Topics: Terrorism

Sadly, It Happens All the Time

Israel is always quick to bounce back from terror attacks, but can one ever truly get used to tragedy?

Video: Friends bid farewell to Rina

 

On Friday morning, Rina Shnerb sent a WhatsApp message to friends and family to coordinate what everyone would bring to the Shabbat meal later that day. By the time Shabbat rolled around, Rina was dead and being laid to rest  at the local cemetery in her hometown of Lod. The joyful weekly Shabbat meal was cancelled.

How cruel fate can be, was my thought as I watched the reports of the terrorist attack. On Friday morning, the Shnerb family’s world was still in order. Sure, it had only been a couple of weeks since all of Israel had mourned the senseless death of 18-year-old Dvir Sorek, but the nation had since bounced back to routine, because we’ve learned the hard way that life goes on.

This way of life surely seems strange to outsiders. Can it be that a people can become used to the constant threat of becoming victims of terrorism? I can’t provide a clear answer to this. Perhaps we have become too used to the situation, even if we don’t accept it.

Rina’s father, Rabbi Eitan Shnerb, surely never dreamed that their morning hike to the Bubin spring would end in tragedy. But this would not be the first such incident at this popular spot. Four years ago, Danny Gonen, who was also from Lod, was shot and killed by Palestinian gunmen while visiting the Bubin spring, which was after renamed in his memory as the Danny Spring.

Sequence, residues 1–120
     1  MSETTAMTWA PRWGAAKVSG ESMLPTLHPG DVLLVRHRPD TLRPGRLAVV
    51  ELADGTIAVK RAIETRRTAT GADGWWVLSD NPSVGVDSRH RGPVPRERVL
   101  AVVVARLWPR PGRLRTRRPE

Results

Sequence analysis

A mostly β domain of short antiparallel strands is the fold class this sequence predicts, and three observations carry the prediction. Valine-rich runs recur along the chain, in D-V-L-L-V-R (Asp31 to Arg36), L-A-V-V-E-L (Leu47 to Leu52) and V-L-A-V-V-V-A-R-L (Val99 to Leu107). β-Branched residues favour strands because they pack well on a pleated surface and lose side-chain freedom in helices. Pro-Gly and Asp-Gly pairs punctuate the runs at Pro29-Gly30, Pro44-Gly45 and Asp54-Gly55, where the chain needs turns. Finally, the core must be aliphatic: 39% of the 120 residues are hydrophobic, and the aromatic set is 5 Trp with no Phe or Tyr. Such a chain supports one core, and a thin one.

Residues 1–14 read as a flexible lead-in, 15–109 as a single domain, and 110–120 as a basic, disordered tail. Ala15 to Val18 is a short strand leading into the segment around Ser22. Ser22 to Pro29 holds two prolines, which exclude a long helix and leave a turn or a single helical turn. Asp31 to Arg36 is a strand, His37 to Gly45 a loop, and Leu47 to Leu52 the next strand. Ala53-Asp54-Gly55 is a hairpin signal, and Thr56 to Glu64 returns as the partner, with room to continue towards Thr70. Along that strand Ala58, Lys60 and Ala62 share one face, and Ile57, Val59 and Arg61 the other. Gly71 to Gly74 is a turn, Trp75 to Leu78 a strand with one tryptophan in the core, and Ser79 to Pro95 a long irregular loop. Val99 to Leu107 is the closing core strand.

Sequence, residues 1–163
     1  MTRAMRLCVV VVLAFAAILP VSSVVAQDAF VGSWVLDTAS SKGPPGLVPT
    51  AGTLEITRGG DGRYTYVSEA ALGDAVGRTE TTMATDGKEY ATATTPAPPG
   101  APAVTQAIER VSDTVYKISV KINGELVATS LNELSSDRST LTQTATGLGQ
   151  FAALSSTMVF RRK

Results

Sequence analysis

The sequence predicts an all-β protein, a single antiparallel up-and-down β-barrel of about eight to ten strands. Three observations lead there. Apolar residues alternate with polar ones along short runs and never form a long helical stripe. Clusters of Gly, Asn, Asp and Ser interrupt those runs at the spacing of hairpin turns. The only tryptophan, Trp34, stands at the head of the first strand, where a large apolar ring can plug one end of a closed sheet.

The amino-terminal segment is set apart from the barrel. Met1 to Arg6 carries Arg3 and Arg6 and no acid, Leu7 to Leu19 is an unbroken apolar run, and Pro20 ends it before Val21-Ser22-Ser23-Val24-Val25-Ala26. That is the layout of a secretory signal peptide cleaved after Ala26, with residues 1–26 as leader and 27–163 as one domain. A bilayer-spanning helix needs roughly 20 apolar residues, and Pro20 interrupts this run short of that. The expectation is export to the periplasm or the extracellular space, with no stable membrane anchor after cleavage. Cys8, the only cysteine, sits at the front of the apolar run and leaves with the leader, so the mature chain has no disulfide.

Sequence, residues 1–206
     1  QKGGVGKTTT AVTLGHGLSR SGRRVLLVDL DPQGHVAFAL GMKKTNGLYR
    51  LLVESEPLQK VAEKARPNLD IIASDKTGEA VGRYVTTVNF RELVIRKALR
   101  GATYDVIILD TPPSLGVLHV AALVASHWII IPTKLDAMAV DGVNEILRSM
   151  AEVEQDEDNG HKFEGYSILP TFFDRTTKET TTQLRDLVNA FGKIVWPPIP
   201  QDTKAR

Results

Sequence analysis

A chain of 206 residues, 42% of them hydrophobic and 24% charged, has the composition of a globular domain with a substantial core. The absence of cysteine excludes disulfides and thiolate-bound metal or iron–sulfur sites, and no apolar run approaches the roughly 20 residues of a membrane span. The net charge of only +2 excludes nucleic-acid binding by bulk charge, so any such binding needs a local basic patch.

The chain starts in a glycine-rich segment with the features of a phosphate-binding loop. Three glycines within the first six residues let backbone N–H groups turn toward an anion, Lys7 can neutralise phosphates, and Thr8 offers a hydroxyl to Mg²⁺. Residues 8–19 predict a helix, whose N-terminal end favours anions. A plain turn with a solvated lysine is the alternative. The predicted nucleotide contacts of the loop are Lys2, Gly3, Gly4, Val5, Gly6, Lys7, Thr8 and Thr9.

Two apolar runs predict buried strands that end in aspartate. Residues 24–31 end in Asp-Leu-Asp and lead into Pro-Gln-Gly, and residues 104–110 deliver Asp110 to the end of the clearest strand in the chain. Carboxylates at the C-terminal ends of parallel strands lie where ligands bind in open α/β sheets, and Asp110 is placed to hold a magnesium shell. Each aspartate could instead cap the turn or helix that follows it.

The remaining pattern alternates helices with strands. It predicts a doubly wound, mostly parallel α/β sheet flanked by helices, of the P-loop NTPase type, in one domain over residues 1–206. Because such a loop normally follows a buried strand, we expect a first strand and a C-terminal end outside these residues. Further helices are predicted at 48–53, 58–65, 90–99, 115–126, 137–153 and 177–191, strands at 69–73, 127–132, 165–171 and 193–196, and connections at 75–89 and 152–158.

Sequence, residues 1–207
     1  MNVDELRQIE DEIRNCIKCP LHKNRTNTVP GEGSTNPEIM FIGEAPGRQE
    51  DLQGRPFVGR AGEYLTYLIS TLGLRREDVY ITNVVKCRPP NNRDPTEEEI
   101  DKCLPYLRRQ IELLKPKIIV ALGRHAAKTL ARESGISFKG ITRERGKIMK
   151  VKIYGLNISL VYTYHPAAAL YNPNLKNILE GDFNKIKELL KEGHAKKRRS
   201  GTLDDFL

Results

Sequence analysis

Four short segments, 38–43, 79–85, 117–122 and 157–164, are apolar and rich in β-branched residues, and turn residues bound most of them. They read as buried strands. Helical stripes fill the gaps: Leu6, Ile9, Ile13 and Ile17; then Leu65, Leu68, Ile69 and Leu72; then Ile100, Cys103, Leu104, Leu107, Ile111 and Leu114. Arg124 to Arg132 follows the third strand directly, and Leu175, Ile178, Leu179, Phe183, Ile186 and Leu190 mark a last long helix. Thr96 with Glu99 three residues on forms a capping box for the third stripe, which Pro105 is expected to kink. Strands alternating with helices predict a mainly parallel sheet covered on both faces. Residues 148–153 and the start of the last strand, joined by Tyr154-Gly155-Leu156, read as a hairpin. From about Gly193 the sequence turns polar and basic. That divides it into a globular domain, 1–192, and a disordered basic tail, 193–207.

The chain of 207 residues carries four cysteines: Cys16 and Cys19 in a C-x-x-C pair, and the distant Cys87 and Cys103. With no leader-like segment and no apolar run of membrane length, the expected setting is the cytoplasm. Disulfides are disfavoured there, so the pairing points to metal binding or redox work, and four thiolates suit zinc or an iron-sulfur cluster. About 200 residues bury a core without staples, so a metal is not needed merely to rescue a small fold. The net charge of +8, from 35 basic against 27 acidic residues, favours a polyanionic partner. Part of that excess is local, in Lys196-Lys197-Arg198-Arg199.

Rabbi Eitan Shnerb

Rina’s father, speaking to reporters at Hadassah Ein Kerem Hospital in Jerusalem.

The area around the spring is regularly patrolled by the Israeli army. Before Eitan Shnerb drove off with his children for their morning hike, he is said to have checked on the security situation. With his children getting older, he wanted to spend more time with them, show them the Land of Israel, as he told reporters from his hospital bed at Jerusalem’s Hadassah Ein Kerem Hospital on Saturday.

After reaching the spring, he parked the car and walked with his children down the marked path. Then, the explosion.

Rina died on the spot, while her father and brother, Dvir, suffered serious injuries. Eitan recounted that he was immediately aware that his daughter had been killed, and that both he and Dvir said their tearful goodbyes to her while waiting on rescue forces to arrive.

I was amazed at how this bereaved father was able to speak calmly, despite the overwhelming tragedy he had experienced. Rabbi Shnerb thanked Rina for saving both him and her brother (Rina had absorbed most of the blast), and expressed his conviction that they must now demonstrate strength, not weakness, for the sake of the people of Israel.

Rina was laid to rest in Lod just before the Shabbat. Hundreds of people, family and friends, accompanied Rina on her final journey. Sadly, her father could not be there, and had to say his last goodbye to his beloved daughter over phone.

Final journey

Hundreds attend the funeral of Rina Shnerb, murdered just hours before by terrorists.

Israeli security forces continue to hunt for the terrorists responsible. But for the rest of us, life goes on. A fresh news cycle will soon displace the reports of the tragedy of the Shnerb family. And at some point, it will all happen again. Another terrorist attack, another tragedy, another family broken. Can you ever truly get used to something like this?

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